Be very thorough, list risks and challenges. People will tell you what you want to hear when reviewing a business strategy. Make sure to stay independent and not show your support one way or another until you've collected some data. Observation and input from others is the key when weighing risks.
I've always believed two sets of eyes are better than one.
Don't give up when things aren't going as planned. Too many people get down on themselves when they hit a bump in the road, and they want to give up right away. They start hearing all of the naysayers they had to listen to in the beginning, when they first started their business. They start to doubt the things that made them want to start the business in the first place. Instead, look for solutions to any problems that come up, and learn to look at the business objectively. Most importantly, keep pushing. Keep working, and keep coming up with new ideas that will help the business grow.
Make sure that you do not make penny-wise, closed in decisions in the beginning. Look for solutions that will grow and expand with your company and be flexible. Small amounts of increased costs up front can save thousands later.
Being such a broad answer.... #1 tip - read Michael Gerbers, EMyth Revisited. I give it to every client I do business with. Big or small company.....
practical advice, simple lessons, and clear best practices.
Join your professional association (or two). They have already invented the wheel and they are happy to share it with you. Mingle with the successful and you will learn a lot. In addition, remember that information about everything you are searching for is online. EVERYTHING. Your federal, state and city governments offer dozens or hundreds of tools for businesses on their website, in their offices, etc.
My lesson would be to never give up on either your patience or your perseverance. I can't tell you how many times I have caught myself repeating those two words. I know it sounds like fluff....but I'm telling these two P's have a way of snapping you back to reality and get you re-focused.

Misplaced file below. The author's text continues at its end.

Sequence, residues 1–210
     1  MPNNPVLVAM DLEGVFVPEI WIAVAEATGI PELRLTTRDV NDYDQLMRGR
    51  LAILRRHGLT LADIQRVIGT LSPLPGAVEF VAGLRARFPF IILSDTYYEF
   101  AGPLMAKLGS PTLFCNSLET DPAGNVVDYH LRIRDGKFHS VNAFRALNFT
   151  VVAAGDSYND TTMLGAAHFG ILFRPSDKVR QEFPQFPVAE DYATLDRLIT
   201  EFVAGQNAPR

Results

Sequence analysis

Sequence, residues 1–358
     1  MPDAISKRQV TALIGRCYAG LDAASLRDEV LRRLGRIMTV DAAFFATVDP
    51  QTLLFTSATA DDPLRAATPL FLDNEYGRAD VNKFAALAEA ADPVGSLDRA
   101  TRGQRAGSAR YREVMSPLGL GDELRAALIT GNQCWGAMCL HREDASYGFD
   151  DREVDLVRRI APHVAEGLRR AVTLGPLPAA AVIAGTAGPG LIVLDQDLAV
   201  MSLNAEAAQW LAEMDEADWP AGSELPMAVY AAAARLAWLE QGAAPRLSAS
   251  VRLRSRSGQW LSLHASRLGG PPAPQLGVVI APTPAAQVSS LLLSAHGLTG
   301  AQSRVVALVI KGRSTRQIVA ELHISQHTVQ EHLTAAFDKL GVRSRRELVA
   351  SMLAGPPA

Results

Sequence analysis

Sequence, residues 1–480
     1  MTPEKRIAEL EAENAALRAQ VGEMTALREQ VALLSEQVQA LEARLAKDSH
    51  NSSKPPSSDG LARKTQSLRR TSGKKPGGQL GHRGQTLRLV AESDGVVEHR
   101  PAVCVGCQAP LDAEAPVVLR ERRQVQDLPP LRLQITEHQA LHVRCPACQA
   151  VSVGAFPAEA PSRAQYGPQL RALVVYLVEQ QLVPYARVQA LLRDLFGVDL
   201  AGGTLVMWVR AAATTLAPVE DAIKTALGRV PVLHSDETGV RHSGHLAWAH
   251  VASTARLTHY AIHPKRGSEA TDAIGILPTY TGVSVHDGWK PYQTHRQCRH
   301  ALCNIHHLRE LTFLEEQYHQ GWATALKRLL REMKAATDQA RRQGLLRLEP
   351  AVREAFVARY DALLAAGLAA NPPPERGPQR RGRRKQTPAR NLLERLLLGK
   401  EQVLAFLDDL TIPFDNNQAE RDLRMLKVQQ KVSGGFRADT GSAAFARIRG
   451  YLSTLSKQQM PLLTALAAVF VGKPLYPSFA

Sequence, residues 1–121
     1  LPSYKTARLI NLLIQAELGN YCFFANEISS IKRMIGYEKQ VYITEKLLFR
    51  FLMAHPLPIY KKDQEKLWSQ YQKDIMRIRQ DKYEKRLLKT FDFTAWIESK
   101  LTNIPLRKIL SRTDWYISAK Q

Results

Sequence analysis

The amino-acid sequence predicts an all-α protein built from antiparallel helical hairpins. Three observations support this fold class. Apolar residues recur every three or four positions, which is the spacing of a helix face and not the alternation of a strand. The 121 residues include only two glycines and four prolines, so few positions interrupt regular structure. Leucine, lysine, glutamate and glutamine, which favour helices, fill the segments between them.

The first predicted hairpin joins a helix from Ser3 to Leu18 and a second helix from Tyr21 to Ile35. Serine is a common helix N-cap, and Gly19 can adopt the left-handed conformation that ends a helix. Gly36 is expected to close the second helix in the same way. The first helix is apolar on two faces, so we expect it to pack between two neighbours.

I will give only one simple advice. It is lonely at the top, successful or not.
Validation, Validation, Validation, continuously validate, try failing your business plan or idea, if it falls over, rebuild it differently & validate, with each rebuild comes personal strength and knowledge to either, continue or at least validate it wasn't such a good idea after all, eventually it will be strong enough to stand on its own, defend against the naysayers.....and deliver returns!!!
The term entrepreneur has become synonymous with small business owner. So that anyone who starts their own business is suddenly an entrepreneur. Personally I'd call them self-employed. Of course entrepreneur sounds better.
If you start a small business, e.g. you want to run a coffee shop, then you need a business plan, funding etc. and there is a wealth of information out there on that.
However an entrepreneur, in my opinion, is starting something that has never been started before or is doing something in away that has never been done before. So there is no real plan to follow when you are in start up mode. Start up is to see if the concept will work. A lot is trial and error.
My advise is be flexible. Maybe your first idea is not your ultimate idea. Maybe you will find your ultimate idea along the way.
So don't get fixated on it being a "coffee" shop. You might discover a way to make the best coffee maker instead.
By all means. have a vendor screening program in place to protect your business from unscrupulous or unqualified vendors, I will be happy to any one set up one.
It's such a wide world of opportunities in ENtrepreneurship, that evena little more narrowed quesion might lead to so many more desired and hopefully helpful answers...:-)
Be a "sponge" for knowledge! Most business owners have the skills to undertake their core business, but lack the skills to run a business. Be mindful of all the other aspects of the business that you, as the business owner, are responsible for. Those aspects must be addressed to keep your business running, so don't be too proud to seek help in the areas you are unsure of.
If you not making any profit after three years of marketing your project rather walk away.
In golf there is a saying you must be committed to every shot and starting a business is no different. Meaning, if you are standing over a 175 yard Par3 and must carry 160 yards of water; there can be no doubt in your mind on club selection and your confidence level to hit the shot! Starting a new business, in theory, is no different. If you are not committed to the business, you're sinking faster than the ball you just put in the water. If you want to be successful, you must give completely to the business.